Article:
Banks in Thailand and elsewhere in Asia-Pacific are being pressured to improve their digital banking services in 2023, as more tech companies are expected to join the industry amid the use of cloud technology, says cloud banking platform Mambu.
Mambu’s annual “Partner Predictions” report indicated tech firms are among the new players competing with traditional banks this year thanks to advanced technologies in financial services and growing demand for digital banking across the region, especially in Southeast Asia.
Many non-banks, including retailers, telecom providers and tech companies, now offer banking services, said Abhiram Modak, chief principal consultant of BFSI Persistent Systems, who was surveyed by Mambu.
“When a retailer is allowing you to defer payments for the things you buy, they are actually giving you a loan,” he said.
Mr Modak said technological advantages and large customer databases were factors driving tech companies to join the banking business as they can use their technology to deliver and manage financial offerings to clients.
“A case in point is Apple and Facebook. When these established brands introduce banking products, they often provide a seamless and convenient alternative to their customers,” he said.
Several key tech players have crossed into the banking industry in Asia, while Grab, AEON and Sea Group have become part of conglomerates that hold digital banking licences. Mambu attributed part of this shift to the rise of super-apps, which provide financial services such as e-wallets.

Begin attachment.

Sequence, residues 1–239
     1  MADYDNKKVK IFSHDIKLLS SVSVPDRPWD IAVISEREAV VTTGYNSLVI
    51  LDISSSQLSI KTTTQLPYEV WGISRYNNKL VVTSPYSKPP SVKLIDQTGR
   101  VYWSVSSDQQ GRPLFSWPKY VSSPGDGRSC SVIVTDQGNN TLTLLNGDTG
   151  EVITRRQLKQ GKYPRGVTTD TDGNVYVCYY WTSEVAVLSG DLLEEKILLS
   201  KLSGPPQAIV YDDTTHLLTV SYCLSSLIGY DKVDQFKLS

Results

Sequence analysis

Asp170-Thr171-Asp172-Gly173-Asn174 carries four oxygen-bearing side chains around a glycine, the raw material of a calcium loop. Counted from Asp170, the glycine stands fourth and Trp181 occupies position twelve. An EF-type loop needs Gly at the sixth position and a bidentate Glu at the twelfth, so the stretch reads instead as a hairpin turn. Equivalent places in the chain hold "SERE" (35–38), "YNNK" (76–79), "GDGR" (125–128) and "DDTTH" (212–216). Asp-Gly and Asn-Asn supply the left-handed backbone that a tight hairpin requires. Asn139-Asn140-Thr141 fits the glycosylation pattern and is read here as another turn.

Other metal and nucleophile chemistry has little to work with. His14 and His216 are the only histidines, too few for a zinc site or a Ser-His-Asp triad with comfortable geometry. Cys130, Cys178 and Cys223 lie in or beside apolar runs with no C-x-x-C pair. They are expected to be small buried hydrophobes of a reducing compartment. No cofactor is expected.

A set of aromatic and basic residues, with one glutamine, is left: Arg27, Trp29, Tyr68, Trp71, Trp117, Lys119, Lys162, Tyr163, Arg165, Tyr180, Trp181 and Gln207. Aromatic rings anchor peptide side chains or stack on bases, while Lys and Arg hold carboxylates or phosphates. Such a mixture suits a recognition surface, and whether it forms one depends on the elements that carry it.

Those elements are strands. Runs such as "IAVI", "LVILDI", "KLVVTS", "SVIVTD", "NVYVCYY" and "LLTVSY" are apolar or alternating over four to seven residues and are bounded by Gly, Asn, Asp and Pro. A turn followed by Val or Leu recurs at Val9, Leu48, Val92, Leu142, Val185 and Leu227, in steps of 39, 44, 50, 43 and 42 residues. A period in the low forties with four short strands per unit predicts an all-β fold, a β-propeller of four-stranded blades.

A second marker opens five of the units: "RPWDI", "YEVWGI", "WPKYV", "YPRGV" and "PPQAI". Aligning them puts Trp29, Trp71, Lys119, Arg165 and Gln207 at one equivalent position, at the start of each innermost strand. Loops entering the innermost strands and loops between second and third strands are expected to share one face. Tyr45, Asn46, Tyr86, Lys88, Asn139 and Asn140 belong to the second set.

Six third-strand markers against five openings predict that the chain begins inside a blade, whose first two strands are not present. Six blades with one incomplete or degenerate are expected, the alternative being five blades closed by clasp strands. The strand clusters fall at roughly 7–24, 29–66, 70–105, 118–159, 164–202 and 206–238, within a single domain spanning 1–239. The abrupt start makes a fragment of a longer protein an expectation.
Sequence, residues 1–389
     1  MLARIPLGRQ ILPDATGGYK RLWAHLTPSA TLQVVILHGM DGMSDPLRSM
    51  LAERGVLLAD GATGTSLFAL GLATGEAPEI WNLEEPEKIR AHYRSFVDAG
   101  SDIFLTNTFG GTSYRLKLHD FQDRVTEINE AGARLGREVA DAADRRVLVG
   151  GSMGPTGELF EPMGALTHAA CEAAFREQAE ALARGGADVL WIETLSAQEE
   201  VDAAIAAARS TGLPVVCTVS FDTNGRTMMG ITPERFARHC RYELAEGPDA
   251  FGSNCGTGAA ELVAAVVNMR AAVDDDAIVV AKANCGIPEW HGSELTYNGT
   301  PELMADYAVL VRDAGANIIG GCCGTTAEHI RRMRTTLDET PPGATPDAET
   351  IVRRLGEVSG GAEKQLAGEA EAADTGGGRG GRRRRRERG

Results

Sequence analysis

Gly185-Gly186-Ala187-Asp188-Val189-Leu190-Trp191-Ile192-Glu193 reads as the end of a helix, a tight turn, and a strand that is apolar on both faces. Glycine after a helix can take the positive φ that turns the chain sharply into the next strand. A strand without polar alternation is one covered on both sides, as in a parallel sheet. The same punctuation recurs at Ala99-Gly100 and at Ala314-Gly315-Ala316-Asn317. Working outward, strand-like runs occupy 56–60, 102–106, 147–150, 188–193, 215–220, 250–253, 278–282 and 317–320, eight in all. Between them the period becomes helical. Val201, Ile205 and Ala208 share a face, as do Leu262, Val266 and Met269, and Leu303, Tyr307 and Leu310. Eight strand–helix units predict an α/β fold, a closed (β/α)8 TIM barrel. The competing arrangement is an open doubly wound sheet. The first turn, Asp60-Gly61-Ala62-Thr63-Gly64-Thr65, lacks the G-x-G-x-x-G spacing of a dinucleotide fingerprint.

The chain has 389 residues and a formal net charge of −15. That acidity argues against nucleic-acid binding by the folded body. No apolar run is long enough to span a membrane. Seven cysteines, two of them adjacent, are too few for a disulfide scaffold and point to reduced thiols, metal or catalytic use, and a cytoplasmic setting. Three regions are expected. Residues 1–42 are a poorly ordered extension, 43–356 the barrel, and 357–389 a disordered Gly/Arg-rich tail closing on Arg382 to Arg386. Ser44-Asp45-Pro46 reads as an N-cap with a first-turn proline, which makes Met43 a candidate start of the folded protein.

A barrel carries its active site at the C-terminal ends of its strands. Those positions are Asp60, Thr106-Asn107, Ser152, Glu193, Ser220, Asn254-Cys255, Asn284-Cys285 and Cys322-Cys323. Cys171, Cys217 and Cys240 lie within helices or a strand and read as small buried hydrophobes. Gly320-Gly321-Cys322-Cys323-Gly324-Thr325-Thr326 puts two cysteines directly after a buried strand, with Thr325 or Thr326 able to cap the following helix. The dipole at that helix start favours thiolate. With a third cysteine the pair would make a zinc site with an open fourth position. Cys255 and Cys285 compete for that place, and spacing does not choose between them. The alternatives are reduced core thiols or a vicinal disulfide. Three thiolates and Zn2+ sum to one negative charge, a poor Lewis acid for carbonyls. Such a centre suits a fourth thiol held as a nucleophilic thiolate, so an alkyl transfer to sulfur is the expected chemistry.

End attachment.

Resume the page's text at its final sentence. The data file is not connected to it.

Super-app ecosystems often include their own e-wallet offerings, such as WeChat and Alipay in China and Grab and GoTo in Southeast Asia, said Dan Jones, partner at Oliver Wyman Digital, in the report.
“Some 72% of countries have their own real-time payments schemes and in 2023 I expect these to extend across borders,” he said.
Real-time cross-border payments today are rare, mostly via bilateral links such as Singapore’s PayNow and counterparts in Thailand, Malaysia, India and the Philippines.
However, multilateral agreements are in the offing. Asean central bank governors have signed an agreement for a true cross-border system using QR codes, said Mr Jones.
Pham Quang Minh, general manager of Mambu Thailand, said 2023 should be a promising year for Thailand’s financial landscape.
“This year’s spotlight will be on digital banks, which are expected to be fully licensed and start operating in 2023. We are looking forward to seeing how innovation can make financial services simpler, more inclusive and accessible for everyone,” he said.
While aiming for more effective digital transformation, this year traditional banks are likely to focus on creating their own interfaces and making them more engaging to increase brand loyalty, the report found.
“We expect more organisations to leverage cloud-based data and analytics to derive market insights and develop seamless, personalised customer experiences,” Conor McNamara, managing director of Amazon Web Services for Asean, said in the report.
“Covid-19 has driven the adoption of public cloud technology in Asean’s financial services sector as more banks build digital services to keep pace with the growing internet economy.”
According to a recent survey by Publicis Sapient, an American digital consulting firm, 44% of banks based in Southeast Asia are looking to adopt a modern cloud-based core banking structure, while 38% are prioritising better use of data and analytics to gain more understanding of clients.
“Customers’ expectations for digital services from their banks will continue to grow in parallel with the technological advancements they experience using in their daily lives,” said Peter-Jan van de Venn, senior director of global banking strategy at digital consultancy Mobiquity.